An archive of this Sojourner's Journey – Reflections, book reviews, and other random thoughts

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Book Review: The Weaver’s Daughter

About the Book:

Kate’s loyalties bind her to the past. Henry’s loyalties compel him to strive for a better future. In a landscape torn between tradition and vision, can two souls find the strength to overcome their preconceptions?

Loyalty has been at the heart of the Dearborne family for as long as Kate can remember, but a war is brewing in their small village, one that has the power to rip families asunder — including her own. As misguided actions are brought to light, she learns how deep her father’s pride and bitterness run, and she begins to wonder if her loyalty is well-placed.

Henry Stockton, heir to the Stockton fortune, returns home from three years at war hoping to find a refuge from his haunting memories. Determined to bury the past, he embraces his grandfather’s goals to modernize his family’s wool mill, regardless of the grumblings from the local weavers. When tragedy strikes shortly after his arrival, Henry must sort out the truth from suspicion if he is to protect his family’s livelihood and legacy.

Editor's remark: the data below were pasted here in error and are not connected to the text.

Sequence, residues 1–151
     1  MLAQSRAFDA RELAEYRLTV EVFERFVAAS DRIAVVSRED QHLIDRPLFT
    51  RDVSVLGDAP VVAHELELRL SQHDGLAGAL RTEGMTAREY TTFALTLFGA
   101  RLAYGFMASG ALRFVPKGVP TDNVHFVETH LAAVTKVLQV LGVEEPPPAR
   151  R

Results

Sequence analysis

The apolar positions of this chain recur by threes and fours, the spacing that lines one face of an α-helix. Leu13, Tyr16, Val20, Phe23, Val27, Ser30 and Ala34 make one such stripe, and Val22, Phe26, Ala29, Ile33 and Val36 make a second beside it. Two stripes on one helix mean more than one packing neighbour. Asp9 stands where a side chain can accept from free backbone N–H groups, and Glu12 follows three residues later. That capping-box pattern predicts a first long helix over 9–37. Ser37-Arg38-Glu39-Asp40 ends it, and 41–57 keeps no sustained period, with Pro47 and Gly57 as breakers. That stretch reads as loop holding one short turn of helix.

Henry has been warned about the Dearborne family. Kate, too, has been advised to stay far away from the Stocktons, but chance meetings continue to bring her to Henry’s side, blurring the jagged lines between loyalty, justice, and truth. Kate ultimately finds herself with the powerful decision that will forever affect her village’s future. As unlikely adversaries, Henry and Kate must come together to find a way to create peace for their families, and their village, and their souls – even if it means risking their hearts in the process.